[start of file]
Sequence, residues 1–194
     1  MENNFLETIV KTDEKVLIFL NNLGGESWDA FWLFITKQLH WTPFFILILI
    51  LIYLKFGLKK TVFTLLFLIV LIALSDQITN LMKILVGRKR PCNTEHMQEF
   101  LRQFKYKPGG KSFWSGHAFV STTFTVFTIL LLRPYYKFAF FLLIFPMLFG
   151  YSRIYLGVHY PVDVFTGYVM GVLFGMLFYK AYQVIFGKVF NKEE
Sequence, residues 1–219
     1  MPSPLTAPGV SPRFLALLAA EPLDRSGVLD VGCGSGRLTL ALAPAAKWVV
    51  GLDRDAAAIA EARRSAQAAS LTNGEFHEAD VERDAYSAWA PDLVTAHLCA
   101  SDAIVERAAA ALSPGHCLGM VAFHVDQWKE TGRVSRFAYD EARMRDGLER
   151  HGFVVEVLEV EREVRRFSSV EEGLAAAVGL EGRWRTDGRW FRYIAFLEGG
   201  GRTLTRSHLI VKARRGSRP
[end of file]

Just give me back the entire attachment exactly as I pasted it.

Sequence, residues 1–194
     1  MENNFLETIV KTDEKVLIFL NNLGGESWDA FWLFITKQLH WTPFFILILI
    51  LIYLKFGLKK TVFTLLFLIV LIALSDQITN LMKILVGRKR PCNTEHMQEF
   101  LRQFKYKPGG KSFWSGHAFV STTFTVFTIL LLRPYYKFAF FLLIFPMLFG
   151  YSRIYLGVHY PVDVFTGYVM GVLFGMLFYK AYQVIFGKVF NKEE
Sequence, residues 1–219
     1  MPSPLTAPGV SPRFLALLAA EPLDRSGVLD VGCGSGRLTL ALAPAAKWVV
    51  GLDRDAAAIA EARRSAQAAS LTNGEFHEAD VERDAYSAWA PDLVTAHLCA
   101  SDAIVERAAA ALSPGHCLGM VAFHVDQWKE TGRVSRFAYD EARMRDGLER
   151  HGFVVEVLEV EREVRRFSSV EEGLAAAVGL EGRWRTDGRW FRYIAFLEGG
   201  GRTLTRSHLI VKARRGSRP